She said that as the judge did not comply with the demand that the documents be read in court, the proceedings should have been declared a mistrial.
“If lawyers left without reason, that would be invalid. But since their demand was correct and the judge would not comply, the fault now lies with the judge. And as the lawyers left the trial … because of the judge’s fault, I think the result of the trial is invalid.”
Ha added that her husband’s requests to change the jury, all of whom were members of the Communist Party, and the prosecutor, who Vu had once brought suit against in the past, were both rejected.
“I think the trial today seriously violated our criminal laws and criminal procedures,” she said.
“I am sad because … my husband did not commit any crime. I was his lawyer but my right to represent him was illegally deprived by the court. If they had complied with the law, my husband would have been acquitted.”
The authorities raided a hotel room in Ho Chi Minh City on Nov. 5 and arrested Vu shortly after he filed a follow-up lawsuit against the prime minister for allegedly violating laws on environmental protection, national security, and cultural heritage by approving Chinese-built bauxite mining projects in the Central Highlands.
Vu was accused of distributing propaganda documents against the one-party communist state and of calling for a multiparty system and "maligning and defaming" the Communist Party and government leaders, state media reported.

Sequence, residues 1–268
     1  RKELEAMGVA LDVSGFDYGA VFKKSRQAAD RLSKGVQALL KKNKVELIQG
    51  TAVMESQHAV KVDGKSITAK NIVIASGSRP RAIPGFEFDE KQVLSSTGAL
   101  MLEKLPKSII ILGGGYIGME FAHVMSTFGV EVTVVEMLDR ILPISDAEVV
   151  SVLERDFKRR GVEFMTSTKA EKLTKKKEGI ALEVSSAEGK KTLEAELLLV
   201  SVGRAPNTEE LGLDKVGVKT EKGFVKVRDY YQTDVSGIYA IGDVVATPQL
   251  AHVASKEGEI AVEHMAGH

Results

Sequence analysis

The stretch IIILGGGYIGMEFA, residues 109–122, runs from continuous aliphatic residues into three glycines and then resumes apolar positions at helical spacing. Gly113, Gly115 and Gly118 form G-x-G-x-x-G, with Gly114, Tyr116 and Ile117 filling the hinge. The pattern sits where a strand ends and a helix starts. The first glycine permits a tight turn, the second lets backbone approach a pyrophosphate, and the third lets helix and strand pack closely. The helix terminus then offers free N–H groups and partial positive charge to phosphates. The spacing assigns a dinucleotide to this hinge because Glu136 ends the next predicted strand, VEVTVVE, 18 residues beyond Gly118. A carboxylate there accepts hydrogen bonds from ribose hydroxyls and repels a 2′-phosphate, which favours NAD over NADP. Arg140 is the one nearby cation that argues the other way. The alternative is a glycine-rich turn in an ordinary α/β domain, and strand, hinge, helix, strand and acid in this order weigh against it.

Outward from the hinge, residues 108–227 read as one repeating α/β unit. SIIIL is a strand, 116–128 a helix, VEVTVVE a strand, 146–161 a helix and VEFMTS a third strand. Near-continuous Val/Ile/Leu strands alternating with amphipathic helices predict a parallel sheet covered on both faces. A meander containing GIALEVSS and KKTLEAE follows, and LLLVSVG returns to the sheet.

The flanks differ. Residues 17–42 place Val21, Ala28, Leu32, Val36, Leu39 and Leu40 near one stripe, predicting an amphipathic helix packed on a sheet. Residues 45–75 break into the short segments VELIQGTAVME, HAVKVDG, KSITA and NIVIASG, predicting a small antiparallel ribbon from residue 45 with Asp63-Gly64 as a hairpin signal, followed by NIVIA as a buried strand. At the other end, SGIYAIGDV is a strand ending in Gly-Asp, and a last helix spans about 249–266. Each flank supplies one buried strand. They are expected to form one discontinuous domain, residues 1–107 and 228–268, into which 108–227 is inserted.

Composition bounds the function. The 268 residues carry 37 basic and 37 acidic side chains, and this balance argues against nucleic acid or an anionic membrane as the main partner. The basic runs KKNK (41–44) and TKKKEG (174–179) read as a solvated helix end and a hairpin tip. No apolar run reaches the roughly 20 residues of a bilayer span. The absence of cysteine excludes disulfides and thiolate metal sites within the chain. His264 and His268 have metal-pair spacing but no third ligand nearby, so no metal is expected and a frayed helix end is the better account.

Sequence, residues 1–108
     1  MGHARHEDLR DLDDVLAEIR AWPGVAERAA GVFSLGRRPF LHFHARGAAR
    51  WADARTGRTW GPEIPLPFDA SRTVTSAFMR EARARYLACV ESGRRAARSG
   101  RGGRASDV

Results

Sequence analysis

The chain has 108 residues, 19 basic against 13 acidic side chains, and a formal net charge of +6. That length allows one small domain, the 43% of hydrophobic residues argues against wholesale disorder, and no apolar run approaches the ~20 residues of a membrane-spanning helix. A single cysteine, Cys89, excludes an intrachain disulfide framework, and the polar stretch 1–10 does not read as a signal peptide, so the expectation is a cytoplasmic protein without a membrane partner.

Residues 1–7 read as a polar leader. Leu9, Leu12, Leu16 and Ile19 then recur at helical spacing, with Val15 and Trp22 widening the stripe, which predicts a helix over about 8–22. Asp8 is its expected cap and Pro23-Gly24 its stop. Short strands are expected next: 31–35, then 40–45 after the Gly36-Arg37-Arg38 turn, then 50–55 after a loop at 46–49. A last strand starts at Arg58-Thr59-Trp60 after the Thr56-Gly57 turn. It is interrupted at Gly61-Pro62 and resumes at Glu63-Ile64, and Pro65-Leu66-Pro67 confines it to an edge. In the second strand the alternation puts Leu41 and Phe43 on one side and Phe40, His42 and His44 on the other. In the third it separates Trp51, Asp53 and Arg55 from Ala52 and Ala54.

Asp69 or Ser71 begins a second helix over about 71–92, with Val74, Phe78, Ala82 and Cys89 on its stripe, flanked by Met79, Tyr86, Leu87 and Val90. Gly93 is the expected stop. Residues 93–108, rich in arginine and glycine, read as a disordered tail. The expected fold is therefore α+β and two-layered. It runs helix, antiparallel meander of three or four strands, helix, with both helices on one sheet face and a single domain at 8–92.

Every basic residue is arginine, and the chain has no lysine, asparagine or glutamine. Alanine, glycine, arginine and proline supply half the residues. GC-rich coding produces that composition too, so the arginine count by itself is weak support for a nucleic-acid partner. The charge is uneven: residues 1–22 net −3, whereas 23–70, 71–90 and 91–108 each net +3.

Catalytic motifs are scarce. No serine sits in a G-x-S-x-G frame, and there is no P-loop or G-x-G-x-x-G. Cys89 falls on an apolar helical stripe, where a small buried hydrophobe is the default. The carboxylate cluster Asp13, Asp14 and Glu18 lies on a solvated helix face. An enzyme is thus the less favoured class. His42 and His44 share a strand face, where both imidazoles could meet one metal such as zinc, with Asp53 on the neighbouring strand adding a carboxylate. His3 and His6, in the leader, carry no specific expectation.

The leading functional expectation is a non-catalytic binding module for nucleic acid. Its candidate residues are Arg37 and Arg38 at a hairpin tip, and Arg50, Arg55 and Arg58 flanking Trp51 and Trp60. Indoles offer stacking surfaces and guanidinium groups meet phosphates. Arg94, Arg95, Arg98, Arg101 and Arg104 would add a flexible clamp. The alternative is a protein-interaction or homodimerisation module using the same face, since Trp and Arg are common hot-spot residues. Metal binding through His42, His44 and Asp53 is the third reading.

He was also accused of having ties with government critics inside the country and unspecified "hostile forces" from outside.
Ha Van Thinh, a history professor and blogger from Vietnam’s Hue province, called Vu’s sentence “too harsh,” adding that under the country’s judicial system it would have been “impossible” to acquit him.
“I think they should have sought an average, assuming his sentence could be anywhere from two to 12 years. The average of two and 12 is seven years. This sentence [as handed down] is hard to accept,” he said.
Thinh suggested that a form of re-education or mild discipline may have been more appropriate.
“According to our current legal system, it is impossible to acquit him, but the sentence is also unacceptable and may lead to serious consequences,” he said.
“The litigation process was terrible and disappointing. ‘Freedom and democracy’ are just clichés here. There is no such thing as democracy and freedom in Vietnam.”
Phan Van Song, a retired law professor living in Poitiers, France, said he was unsurprised by the sentencing.
“In the past they have also imprisoned bloggers and other dissidents like Do Nam Hai, Le Thi Cong Nhan, and Nguyen Van Dai. Vu’s sentence is a sentence aimed at all democracy activists in Vietnam,” he said.
“Lawyers around the world—people in Vietnam, the U.S., France … must prove that Vietnam lacks law and democracy. Dissidents don’t propagandize against the state. This is a despotic country. We have seen despotic countries collapse in North Africa. They also used to arrest dissidents.”
Reported by Khanh An, Quynh Chi, and Do Hieu for RFA’s Vietnamese service. Translated by Hanh Seide. Written in English by Joshua Lipes.